Eight-car chase to stop woman

A DUBLIN woman suffering from post-traumatic stress led eight patrol cars on a 60km chase along the motorway, in what a senior garda described as a “bizarre” incident for which there was no explanation.

A DUBLIN woman suffering from post-traumatic stress led eight patrol cars on a 60km chase along the motorway, in what a senior garda described as a “bizarre” incident for which there was no explanation.

Miriam Carroll, Apt 109, The Rectory, Enniskerry Road, Dublin, was charged with failure to stop for the gardaí and endangerment, on a stretch of motorway encompassing the Toll Plaza, Clonadacasey, Portlaoise, and Bushfield, Borris-in-Ossory, on March 14.

Inspector Tom Finnerty gave evidence that the defendant’s car was spotted driving erratically and the gardaí signalled her to stop. Carroll failed to stop and the gardaí followed.

At the toll plaza, her car slowed down and lurched from side to side, before it forced its way through the barrier causing slight damage. As the car continued on at over 140km/h, the pursuing patrol car requested back up. Carroll’s car swerved into the garda car’s path and “obscene gestures” were made by the driver.

Two garda cars attempted to slow the vehicle down, one in front and one behind, but this failed. A lorry appeared on the road, travelling parallel to one of the patrol cars, and Carroll tried to force her way between the lorry and the patrol car. The patrol car had to accelerate to prevent a “cataclysmic collision”, Inspector Finnerty said, and the lorry took evasive action.

At this point, there were eight patrol cars involved, with the chase lasting around half an hour and covering some 60km of road. When Carroll finally stopped, there was no indication of drink or drugs having been taken and no reason for the chase.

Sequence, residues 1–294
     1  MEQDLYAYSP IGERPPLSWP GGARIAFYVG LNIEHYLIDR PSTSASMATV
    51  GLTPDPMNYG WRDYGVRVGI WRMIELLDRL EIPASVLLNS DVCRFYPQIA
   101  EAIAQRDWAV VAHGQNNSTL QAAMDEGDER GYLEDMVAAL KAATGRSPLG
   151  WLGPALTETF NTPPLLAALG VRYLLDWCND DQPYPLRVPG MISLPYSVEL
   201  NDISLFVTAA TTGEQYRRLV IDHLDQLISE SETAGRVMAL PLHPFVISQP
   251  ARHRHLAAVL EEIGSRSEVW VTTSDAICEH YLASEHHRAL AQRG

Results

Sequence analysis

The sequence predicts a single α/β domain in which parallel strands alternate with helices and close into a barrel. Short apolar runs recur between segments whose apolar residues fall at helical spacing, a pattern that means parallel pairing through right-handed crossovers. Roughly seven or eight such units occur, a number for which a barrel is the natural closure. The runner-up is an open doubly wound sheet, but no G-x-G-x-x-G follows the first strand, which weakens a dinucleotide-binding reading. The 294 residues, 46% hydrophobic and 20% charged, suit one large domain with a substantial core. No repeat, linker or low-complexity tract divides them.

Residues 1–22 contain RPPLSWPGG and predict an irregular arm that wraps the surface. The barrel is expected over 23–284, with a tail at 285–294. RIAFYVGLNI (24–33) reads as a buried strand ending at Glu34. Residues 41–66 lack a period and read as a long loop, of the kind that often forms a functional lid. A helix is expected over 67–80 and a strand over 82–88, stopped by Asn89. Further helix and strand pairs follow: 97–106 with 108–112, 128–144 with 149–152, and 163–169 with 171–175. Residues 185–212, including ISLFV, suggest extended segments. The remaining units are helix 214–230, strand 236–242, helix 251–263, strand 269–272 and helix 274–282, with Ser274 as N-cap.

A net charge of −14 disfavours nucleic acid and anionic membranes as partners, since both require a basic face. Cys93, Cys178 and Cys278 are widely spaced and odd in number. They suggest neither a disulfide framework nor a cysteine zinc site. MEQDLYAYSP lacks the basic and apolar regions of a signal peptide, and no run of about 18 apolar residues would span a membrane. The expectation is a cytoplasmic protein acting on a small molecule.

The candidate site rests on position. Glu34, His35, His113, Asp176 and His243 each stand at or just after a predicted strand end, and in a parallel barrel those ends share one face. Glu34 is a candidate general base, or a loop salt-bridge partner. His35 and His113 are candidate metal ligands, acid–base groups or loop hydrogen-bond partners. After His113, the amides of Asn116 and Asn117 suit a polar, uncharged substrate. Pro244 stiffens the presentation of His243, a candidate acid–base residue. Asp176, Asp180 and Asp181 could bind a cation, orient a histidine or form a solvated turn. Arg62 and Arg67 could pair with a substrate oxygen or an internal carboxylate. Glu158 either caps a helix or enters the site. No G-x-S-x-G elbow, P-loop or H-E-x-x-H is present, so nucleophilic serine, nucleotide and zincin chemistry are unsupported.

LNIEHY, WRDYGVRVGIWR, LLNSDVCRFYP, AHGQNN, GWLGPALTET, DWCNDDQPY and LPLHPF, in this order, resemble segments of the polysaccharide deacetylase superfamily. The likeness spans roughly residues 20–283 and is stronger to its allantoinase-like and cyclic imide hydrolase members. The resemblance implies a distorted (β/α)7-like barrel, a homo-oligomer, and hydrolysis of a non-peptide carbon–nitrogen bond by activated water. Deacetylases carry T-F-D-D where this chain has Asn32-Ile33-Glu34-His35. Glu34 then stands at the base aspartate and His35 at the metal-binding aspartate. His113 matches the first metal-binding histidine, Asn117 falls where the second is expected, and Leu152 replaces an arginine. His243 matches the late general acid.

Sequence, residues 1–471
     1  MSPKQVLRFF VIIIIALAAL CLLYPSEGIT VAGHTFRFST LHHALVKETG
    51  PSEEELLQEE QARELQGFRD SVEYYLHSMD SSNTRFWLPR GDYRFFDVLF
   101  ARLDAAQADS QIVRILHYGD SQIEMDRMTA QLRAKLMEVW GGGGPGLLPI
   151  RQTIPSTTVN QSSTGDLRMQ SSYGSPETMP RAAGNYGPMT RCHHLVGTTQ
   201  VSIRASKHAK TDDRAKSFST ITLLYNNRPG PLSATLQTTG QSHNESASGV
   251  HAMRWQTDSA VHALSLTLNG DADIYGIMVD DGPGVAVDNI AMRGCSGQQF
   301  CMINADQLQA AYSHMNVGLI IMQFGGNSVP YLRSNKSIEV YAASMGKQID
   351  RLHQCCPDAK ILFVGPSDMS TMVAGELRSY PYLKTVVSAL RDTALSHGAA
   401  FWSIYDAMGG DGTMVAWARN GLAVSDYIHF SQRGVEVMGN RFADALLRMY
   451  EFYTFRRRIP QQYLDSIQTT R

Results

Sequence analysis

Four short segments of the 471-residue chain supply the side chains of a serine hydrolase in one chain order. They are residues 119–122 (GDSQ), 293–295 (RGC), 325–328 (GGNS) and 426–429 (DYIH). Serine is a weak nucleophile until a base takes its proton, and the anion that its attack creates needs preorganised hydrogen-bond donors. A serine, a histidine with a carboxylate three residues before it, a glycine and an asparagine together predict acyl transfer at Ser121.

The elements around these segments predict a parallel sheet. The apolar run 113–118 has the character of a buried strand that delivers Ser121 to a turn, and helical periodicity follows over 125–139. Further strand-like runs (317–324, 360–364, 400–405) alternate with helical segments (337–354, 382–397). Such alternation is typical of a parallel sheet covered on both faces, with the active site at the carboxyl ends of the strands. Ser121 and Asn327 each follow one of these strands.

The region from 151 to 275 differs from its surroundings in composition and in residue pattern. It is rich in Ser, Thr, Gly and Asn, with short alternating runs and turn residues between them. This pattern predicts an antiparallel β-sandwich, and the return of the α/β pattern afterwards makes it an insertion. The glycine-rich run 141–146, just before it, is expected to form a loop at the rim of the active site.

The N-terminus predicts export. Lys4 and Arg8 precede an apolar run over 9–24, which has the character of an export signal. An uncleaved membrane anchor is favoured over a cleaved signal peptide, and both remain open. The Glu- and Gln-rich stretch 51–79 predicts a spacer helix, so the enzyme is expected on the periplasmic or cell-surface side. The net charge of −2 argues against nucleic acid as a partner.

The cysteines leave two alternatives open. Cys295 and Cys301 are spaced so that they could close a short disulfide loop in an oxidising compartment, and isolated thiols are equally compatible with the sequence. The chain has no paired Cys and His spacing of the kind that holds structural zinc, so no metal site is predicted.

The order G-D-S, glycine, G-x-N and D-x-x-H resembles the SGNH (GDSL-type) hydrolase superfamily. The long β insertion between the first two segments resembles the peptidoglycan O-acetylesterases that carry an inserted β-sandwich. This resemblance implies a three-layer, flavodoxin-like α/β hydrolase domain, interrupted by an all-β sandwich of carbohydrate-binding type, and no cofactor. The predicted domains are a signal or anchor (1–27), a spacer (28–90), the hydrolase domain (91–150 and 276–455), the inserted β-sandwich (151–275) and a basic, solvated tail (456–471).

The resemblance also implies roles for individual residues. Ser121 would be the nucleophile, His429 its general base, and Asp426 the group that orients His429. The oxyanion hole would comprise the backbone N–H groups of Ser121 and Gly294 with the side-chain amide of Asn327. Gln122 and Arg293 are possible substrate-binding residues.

“It was quite bizarre,” said Insp Finnerty. “It was dangerous driving, at the least.”

Defence, Mr Colm Hennessy said his client and the other woman in the car were in a “heightened state of anguish” when stopped by gardaí, and they were “crying out addresses” to the guards. Mr Hennessy said his client is under the care of a psychiatrist and he admitted the case was highly unusual. Handing in a report to Judge Catherine Staines, Mr Hennessy said his client is currently involved in a separate investigation and there were issues central to her state of mind on the day, matters which he did not wish to go into in open court.

Judge Staines said it was an extremely serious matter and it was very fortunate that there was no loss of life. She praised the gardaí for the way they had handled the incident, which had prevented an accident occurring. However, after reading the report she accepted that there were “extraordinary mitigating factors” and she remarked that Carroll’s post-traumatic stress disorder had led to her bizarre behaviour. In those circumstances, Judge Staines said she would give Carroll an opportunity and she applied the probation act and fined her €300.